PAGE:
Free schools could solve our capacity crunch

In the effort to expand Britain's primary schools, free schools need not be the enemy.

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A bulge in the birth rate means that 256,000 new primary school places will be needed by September 2014. Schools are already having to commandeer libraries and music rooms to cope with the influx, according to a report to be published by the House of Commons’ Public Accounts Committee today. Worse still, as the Coalition Government attempts to fulfil the mantra “every school a good school”, even poorly performing institutions are expanding.

So bleak a picture of parents’ chances of obtaining a decent primary school place for their children is hardly what the Education Secretary had in mind when he embarked on his bold and ambitious education reforms three years ago. “The department failed to identify in time the rising demand for school places,” the PAC rather damningly concludes. Indeed, the report is overtly critical of the fact that local authorities cannot push either academies or Michael Gove’s favoured “free schools” to expand the number of places they offer, with the result that only the dwindling band of state-run schools can be expanded to cope with the crisis.

Meanwhile, as the Opposition points out, the sadly scarce public money being ploughed into the free schools programme is often spent on creating new institutions in areas where there is no demand for extra places. Furthermore, in evaluating applications, no distinction is made between plans for secondary or primary schools, despite differing levels of demand.

In response, the Coalition claims – with some validity – that the seeds of the current crisis were sown under Labour. In the decade between 2001 and 2011, the population of England and Wales shot up at the fastest rate since the census began in 1801, yet the then-government’s capital programme concentrated on refurbishment rather than expansion of Britain’s schools.

Political one-upmanship aside, there is little to be gained from the blame game. Efforts must focus instead on expanding Britain’s primary schools, and doing so quickly. Nor need free schools be the enemy. Quite the reverse, in fact. If the academy chains, charities, voluntary organisations and community groups providing the impetus for the free school movement can be persuaded to concentrate their efforts in the areas where new institutions are most needed, the scheme could be very much part of the solution.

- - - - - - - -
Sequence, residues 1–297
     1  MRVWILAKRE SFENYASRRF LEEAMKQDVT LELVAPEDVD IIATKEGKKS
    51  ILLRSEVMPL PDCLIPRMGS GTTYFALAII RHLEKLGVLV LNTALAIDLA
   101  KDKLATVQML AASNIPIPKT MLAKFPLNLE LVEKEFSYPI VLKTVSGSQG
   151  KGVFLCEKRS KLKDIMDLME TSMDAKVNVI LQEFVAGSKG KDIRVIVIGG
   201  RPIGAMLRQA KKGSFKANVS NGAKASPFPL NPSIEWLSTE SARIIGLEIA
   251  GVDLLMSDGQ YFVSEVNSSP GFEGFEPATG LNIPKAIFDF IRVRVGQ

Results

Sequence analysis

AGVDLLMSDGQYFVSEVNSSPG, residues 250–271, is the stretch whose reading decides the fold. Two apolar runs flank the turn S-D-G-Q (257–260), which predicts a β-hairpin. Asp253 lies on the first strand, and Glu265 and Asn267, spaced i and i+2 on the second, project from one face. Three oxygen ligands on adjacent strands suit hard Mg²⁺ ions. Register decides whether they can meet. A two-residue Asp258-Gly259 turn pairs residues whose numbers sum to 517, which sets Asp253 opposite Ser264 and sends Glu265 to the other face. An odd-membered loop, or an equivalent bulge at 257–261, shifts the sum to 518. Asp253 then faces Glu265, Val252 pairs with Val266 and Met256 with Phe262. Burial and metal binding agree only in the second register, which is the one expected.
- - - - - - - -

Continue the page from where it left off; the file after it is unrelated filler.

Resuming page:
There is a real opportunity here. Wednesday’s Spending Review included plans for some 180 free schools in 2015-16 – the biggest tranche since the programme began. It would be no great challenge to encourage more applications from areas where demand more severely outstrips supply. The promotion of the free school programme to parents living in areas with the sharpest rise in birth rates would also help. And finally, the process for approving applications must be made more transparent to ensure that criteria other than formulaic requests for information about potential recruits in the first and second year are taken into account.

The Department for Education says that there will be 190,000 new school places this September, and that £5bn is earmarked for expansion until 2015. The Government’s infrastructure investment plans, set out amid much fanfare yesterday, also included £7.5bn to create 500,000 extra places by 2021. While welcome, it is far from assured that such sums will be sufficient. What is certain is that, if the money is not targeted to the right areas, Britain’s oversubscribed primary schools will continue to be so. The priority must, therefore, be to direct resources where they are needed. And, far from being the source of the problem, with a few simple tweaks the free schools programme is well placed to be its solution.

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